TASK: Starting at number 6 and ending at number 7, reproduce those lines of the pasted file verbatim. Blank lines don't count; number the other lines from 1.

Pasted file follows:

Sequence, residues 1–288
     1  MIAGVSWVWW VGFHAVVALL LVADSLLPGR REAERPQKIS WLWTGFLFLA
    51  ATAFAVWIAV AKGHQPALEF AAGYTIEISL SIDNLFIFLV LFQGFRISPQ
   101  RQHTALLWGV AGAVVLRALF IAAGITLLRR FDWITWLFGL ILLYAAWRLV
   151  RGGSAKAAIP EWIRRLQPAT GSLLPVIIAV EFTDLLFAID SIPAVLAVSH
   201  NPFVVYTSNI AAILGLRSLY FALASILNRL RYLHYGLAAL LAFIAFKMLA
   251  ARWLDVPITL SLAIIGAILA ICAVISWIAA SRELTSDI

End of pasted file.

   201  NPFVVYTSNI AAILGLRSLY FALASILNRL RYLHYGLAAL LAFIAFKMLA
   251  ARWLDVPITL SLAIIGAILA ICAVISWIAA SRELTSDI